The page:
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How to Practice Scales:

Practice your scales until your hands can do those shapes while you’re drunk, asleep, deathly ill, in an out of body experience.


The failure of traditional shred is that it stopped there – assimilation of the diatonic shapes and technique. What no one tells you is that while practicing, you should be thinking about what each note would mean in a melodic or harmonic context. This isn’t just time at the gym. Think, for the sake of art, what these notes could possibly mean. Don’t think of the scales in a vacuum. 

Play a chord. Hear the chord in your head while you practice the scale. Think about what each degree adds to the chord. Think about what it means to add it. It’s a metaphor for an event or feeling. What is the feeling? 

Play a different chord against the same scale. Play the same chord against a different scale until you find something to latch onto, something you understand, the corelative of an experience or emotion. 

Try all the scales you know against all the chords you know, even if they shouldn’t make sense together. Harmony is deeper than any single player knows. The combination may work for a reason you don’t yet understand. There’s a jazz truism: “scales are chords and chords are scales.” When you’ve run out of modes and chords, you’ll have internalized it. 

If you complete this exercise, you will write several songs in the process. A song is simply a melody against a chord or series of chords. If you can’t reduce a song to a combination of melody and harmony, it’s not really a song. 

If you have anything of real music in you and honestly listen to the exercise described above, many notes will jump out to you and recommend a verse or chorus. Stop practicing scales to write the song. The scale will be there when you get back, and you’ll have new insight when you return. 

Secondly, when you’re done, you will know what every part of music you know sounds like against any other. Don’t be a robot. If it sounds bad to you, stop playing it. If it sounds good to you, keep playing it. Find new ways to play old scales. There are many ways to do this – no single one is better than any other. You can try playing fast, but that shouldn’t be all you do. This should be much more like trying on clothes or going to the library than exercising.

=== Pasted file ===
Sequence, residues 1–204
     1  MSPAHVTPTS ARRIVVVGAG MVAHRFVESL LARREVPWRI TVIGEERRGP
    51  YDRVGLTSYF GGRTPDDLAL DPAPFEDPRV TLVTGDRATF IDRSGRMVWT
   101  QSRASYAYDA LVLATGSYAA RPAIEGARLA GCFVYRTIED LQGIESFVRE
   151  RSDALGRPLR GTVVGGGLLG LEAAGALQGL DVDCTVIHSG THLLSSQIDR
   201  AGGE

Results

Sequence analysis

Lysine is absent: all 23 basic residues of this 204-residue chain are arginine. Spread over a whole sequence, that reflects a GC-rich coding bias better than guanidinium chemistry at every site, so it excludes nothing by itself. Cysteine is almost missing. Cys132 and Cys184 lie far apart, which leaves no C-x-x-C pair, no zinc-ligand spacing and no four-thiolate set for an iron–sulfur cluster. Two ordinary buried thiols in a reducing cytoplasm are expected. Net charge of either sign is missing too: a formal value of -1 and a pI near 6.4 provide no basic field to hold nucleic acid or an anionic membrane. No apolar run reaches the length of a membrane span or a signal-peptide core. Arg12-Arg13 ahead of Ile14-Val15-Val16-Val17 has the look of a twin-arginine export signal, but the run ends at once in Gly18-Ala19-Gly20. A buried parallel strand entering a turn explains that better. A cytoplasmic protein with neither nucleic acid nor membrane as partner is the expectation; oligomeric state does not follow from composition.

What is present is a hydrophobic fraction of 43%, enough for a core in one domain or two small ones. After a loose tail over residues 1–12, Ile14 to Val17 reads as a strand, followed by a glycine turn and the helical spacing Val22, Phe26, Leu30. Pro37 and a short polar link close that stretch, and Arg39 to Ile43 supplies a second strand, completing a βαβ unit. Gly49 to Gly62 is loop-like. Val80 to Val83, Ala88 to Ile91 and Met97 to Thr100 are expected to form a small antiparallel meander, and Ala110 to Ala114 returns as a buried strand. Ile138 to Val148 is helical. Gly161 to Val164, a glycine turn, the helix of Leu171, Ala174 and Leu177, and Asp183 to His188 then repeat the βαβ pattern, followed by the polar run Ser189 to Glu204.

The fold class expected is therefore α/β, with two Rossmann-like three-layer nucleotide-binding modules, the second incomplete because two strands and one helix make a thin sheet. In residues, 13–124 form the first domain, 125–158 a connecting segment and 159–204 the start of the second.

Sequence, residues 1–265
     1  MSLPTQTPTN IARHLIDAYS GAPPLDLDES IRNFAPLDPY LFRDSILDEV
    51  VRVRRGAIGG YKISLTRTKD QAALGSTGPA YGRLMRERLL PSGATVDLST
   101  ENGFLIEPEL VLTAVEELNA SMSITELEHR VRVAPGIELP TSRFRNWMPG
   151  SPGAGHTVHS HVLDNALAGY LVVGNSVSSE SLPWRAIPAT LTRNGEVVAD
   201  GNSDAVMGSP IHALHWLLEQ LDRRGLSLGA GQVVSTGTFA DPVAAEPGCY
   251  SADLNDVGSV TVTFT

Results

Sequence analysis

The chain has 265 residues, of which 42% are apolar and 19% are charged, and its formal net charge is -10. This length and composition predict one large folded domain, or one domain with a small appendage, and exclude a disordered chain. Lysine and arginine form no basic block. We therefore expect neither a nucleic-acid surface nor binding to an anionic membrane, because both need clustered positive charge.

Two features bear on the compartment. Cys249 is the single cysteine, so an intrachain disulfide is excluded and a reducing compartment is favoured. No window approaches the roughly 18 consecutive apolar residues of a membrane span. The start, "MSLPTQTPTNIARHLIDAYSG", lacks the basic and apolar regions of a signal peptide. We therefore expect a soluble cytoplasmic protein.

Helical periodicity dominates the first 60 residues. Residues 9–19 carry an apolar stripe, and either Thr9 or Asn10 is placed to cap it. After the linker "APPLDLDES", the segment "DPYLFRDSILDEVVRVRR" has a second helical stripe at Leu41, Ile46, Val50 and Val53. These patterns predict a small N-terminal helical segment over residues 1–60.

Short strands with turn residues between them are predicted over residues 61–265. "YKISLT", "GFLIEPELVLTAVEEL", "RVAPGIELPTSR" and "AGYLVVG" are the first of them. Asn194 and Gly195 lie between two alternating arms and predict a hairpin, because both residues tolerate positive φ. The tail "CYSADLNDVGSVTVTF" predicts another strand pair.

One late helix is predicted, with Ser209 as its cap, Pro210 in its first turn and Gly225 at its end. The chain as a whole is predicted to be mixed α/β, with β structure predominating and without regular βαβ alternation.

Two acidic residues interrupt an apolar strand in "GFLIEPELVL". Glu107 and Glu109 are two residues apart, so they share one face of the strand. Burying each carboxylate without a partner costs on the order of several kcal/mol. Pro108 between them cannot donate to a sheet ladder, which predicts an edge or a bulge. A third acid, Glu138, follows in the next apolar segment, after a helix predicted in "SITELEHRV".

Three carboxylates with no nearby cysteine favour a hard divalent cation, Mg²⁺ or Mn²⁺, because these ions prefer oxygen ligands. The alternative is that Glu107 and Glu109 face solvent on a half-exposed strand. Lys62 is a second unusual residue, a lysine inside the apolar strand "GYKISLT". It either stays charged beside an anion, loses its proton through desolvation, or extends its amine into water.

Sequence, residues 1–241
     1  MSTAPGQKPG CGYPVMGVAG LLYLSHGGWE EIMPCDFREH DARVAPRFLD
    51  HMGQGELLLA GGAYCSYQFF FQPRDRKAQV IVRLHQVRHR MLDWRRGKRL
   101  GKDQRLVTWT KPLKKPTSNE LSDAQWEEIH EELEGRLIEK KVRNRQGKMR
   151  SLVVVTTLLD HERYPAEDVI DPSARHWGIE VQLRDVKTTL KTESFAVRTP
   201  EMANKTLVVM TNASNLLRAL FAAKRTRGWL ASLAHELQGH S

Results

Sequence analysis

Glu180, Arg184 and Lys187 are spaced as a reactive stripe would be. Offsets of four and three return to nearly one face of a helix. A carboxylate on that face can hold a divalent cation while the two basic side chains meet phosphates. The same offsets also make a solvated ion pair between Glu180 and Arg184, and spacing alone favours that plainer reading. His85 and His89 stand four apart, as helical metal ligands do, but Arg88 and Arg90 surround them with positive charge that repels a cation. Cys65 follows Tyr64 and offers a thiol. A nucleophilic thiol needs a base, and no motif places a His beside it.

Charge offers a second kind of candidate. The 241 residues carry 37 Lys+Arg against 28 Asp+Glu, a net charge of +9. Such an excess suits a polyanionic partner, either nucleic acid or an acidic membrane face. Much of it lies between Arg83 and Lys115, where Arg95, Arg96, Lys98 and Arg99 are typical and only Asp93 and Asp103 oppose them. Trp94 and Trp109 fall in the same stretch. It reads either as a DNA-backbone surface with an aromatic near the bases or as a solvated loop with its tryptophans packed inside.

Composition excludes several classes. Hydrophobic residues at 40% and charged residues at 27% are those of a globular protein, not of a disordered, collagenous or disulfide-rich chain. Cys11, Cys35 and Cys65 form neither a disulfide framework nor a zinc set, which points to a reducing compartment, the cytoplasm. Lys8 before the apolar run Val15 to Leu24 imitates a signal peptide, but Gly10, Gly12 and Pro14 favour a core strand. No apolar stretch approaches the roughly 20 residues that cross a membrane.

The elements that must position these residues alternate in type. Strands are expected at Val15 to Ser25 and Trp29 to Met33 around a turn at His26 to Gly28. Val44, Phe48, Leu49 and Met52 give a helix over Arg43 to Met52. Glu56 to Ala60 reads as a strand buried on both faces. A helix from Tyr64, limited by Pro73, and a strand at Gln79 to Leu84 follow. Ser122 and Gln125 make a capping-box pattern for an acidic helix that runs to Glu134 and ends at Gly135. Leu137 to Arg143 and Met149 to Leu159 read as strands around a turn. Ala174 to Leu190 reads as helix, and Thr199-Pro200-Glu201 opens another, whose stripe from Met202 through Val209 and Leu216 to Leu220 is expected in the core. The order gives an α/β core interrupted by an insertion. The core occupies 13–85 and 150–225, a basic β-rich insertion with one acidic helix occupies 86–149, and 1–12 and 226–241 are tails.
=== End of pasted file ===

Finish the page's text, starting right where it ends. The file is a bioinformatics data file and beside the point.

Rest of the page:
The point of this is to practice creative thinking without having to necessarily produce anything. If your practice consists of “OK, now I’m going to write a song,” you’re under tremendous pressure. If you don’t come up with anything after a few hours, not only have you failed, but you haven’t really even learned anything that will help with a future song. 

Scale practice should lead to writing songs. Every note is part of a melody, part of many melodies. If the bug doesn’t hit you one particular day, no big loss. You can still learn that you like the sound of a whole tone scale over a dominant chord a half step away. That’s real knowledge which will come in handy over and over again for as long as you keep playing your instrument. 

 Even if you didn’t like the way it sounded, you still know what it sounds like, and you can probably pinpoint the note where it sounded wrong to you. You’ve informed your harmonic repertoire and can avoid other scales with the same note in that situation. Little bits of knowledge like that can save you hours of agony every time you try to write. What note do you prefer to use instead? You’ve just made up your own scale. You don’t have to know a name for it. Practice that instead. “Failures” of this type open up more doors than they close. 

All those moods, all that music, you can go back to any of them now and know what they’ll sound like before you play.

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